GUEST COMMENT: Regional Growth Strategy ‘an incredibly difficult journey’

Juan de Fuca Electoral Area director gives his take on the RGS

By Mike Hicks

As the Regional Growth Strategy, is again in the news I would appreciate giving a brief explanation on what all the fuss is about.

The RGS bylaw was adopted in 2003 and is a blueprint for growth, transportation and land use in the Capital Regional District.

Municipalities were required in 2003 to define their urban containment boundary which could be serviced by water and have a higher density. If a municipality changed its mind and wanted to expand its urban containment boundary or water servicing area, it simply needs the majority vote of the 25-member CRD board.

The Juan de Fuca Electoral Area does not have an urban containment boundary.

As the 2003 RGS forbids the extension of water outside a containment boundary, we are not allowed to extend piped water. This applies to the main CRD system, the Kemp Lake system, Goudie Creek Shirley system and Port Renfrew system.

Unlike the municipalities requiring a majority vote of the board, the Juan de Fuca would require the almost impossible task of receiving the unanimous consent of all 13 municipalities to amend the RGS and extend water.

The CRD has been working for five years to amend the RGS. Concerning water, the new RGS states that the Juan de Fuca can extend water if the service area is defined in its OCP. North Saanich, Saanich, View Royal and Highlands have rejected the new RGS based on their belief that extending water to the Juan de Fuca would result in urban sprawl.

I have argued that our density and sprawl is determined and controlled by our OCP and zoning bylaws and that water is not a factor. I have argued that the CRD board approves our OCP and therefore controls sprawl. I have argued that Metchosin, which has the lowest growth rate in the CRD (-2 per cent over the last five years) allows water throughout its boundary and the Juan de Fuca with a growth rate of 10 per cent over the same period is forbidden water. I have also argued and believe that water is a God given right and if we can extend water to residents at no cost to ourselves we have a duty to provide that water.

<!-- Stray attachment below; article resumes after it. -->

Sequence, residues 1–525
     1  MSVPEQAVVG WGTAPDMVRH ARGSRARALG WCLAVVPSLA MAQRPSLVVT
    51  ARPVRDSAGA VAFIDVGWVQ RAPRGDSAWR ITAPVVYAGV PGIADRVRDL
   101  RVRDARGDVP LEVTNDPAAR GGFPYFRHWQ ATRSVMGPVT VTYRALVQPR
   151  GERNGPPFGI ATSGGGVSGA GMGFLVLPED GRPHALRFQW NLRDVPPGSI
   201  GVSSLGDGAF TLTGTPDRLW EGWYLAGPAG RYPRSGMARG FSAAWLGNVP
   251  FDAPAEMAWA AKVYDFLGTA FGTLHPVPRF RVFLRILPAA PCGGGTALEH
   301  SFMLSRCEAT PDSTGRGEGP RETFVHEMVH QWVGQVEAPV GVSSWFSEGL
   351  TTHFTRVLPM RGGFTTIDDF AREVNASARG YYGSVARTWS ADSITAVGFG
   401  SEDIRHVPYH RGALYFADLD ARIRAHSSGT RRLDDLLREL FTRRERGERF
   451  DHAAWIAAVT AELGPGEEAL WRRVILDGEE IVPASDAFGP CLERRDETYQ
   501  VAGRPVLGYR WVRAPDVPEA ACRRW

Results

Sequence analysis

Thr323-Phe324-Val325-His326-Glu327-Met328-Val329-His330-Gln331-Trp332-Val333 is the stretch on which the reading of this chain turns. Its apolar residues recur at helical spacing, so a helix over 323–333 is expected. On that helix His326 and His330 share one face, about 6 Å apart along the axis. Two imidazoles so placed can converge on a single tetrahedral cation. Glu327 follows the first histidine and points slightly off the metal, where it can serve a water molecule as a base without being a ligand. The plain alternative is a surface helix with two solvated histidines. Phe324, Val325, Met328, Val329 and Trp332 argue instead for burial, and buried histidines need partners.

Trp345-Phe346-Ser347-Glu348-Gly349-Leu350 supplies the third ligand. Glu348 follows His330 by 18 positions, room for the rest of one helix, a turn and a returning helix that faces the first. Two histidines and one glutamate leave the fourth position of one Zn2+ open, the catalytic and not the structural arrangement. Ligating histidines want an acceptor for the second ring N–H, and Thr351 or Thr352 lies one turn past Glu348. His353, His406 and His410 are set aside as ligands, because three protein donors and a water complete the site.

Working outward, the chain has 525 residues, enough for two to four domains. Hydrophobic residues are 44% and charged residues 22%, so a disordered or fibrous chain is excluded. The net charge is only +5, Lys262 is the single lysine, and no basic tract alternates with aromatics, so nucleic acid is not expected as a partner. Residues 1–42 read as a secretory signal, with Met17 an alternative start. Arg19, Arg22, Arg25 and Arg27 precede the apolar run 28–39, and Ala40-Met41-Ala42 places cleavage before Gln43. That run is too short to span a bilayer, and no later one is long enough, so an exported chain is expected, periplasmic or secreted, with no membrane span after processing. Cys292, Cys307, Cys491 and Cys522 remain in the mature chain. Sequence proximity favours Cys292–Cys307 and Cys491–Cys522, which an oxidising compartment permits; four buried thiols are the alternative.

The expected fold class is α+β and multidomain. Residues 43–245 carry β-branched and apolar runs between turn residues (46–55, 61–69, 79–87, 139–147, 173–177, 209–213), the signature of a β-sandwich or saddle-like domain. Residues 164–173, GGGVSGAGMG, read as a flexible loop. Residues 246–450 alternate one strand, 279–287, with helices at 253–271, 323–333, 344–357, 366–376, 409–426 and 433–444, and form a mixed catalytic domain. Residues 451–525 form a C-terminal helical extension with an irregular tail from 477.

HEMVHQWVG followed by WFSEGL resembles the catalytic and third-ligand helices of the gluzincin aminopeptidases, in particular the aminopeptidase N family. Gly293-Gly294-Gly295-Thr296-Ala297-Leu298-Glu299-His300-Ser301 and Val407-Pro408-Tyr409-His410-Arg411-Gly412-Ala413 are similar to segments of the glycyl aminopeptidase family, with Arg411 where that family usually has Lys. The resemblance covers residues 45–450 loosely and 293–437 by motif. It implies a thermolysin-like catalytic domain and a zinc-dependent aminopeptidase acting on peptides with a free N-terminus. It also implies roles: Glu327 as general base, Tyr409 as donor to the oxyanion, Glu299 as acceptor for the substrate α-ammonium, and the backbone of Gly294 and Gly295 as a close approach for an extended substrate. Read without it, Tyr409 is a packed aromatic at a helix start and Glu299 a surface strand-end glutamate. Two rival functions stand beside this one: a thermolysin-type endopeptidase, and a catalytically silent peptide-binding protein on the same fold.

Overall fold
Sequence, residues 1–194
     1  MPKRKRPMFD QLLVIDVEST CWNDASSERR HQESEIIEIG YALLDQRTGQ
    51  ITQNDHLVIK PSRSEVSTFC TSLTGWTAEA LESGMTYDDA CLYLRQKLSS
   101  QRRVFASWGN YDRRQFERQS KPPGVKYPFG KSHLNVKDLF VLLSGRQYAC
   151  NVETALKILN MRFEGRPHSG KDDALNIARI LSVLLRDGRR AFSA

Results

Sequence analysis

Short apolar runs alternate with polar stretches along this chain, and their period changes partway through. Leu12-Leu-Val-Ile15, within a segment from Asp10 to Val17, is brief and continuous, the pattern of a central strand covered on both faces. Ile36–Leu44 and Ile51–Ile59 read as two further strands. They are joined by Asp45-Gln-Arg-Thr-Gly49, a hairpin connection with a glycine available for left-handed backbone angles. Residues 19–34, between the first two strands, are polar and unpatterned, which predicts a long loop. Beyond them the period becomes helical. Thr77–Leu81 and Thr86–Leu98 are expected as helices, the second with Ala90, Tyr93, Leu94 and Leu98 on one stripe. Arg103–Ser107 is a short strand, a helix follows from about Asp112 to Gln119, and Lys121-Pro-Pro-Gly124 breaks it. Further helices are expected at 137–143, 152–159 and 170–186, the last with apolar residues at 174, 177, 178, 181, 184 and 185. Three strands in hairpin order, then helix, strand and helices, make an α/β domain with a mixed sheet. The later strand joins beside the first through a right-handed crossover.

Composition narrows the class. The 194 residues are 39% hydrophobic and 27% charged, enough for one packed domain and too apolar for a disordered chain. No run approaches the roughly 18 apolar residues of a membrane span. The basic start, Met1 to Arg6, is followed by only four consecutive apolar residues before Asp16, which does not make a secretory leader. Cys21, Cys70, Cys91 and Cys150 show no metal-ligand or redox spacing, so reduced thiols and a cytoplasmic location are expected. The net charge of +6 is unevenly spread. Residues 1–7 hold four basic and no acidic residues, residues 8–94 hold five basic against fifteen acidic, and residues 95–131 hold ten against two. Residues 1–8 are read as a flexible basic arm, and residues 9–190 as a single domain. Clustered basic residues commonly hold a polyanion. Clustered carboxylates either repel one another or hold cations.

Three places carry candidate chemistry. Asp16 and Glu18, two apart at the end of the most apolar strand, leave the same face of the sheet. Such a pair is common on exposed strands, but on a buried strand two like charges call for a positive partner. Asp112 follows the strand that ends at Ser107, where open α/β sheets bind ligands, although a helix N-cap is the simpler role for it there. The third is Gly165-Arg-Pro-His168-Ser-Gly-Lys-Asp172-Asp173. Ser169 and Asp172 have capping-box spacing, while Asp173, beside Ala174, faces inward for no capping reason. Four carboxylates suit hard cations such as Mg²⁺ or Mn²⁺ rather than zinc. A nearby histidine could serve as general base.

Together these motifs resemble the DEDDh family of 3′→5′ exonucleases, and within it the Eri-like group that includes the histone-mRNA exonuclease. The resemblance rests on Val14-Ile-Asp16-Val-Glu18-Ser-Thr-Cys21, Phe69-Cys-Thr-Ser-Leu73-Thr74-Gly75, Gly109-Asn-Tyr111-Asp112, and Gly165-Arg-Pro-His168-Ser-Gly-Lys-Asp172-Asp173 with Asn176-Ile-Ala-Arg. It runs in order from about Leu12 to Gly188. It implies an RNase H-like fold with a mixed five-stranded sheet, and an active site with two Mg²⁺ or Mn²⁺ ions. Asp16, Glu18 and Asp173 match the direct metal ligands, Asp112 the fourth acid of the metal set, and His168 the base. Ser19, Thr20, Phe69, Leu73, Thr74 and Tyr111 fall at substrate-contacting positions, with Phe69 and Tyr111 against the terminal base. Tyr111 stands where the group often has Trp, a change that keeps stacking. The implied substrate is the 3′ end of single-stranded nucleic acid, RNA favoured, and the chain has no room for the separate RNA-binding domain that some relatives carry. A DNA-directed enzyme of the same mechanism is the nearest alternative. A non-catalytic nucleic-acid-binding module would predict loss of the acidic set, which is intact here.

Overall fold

The CRD has now sent the Regional Growth Strategy to the province, which will undoubtedly ask for mediation and finally binding-arbitration when mediation fails.

The system does not allow for the Juan de Fuca to participate in selecting the arbitrator nor arguing its case at the same level as the municipalities that have rejected the RGS. The CRD Board has recognized this injustice and requested the Juan de Fuca receive equal treatment and status as the municipalities. It is to be hoped the province will now include the Juan de Fuca in the process which I estimate will take at least another year and possibly two.

This has been an incredibly difficult journey and we are only at the starting gate of provincial intervention. We will see this through to the end and will always appreciate the unwavering support of the CRD board representatives, Sooke Mayor Maja Tait, Sooke Coun. Rick Kasper and Sooke Council members.

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Mike Hicks is the electoral area director for Juan de Fuca on the Capital Regional District board.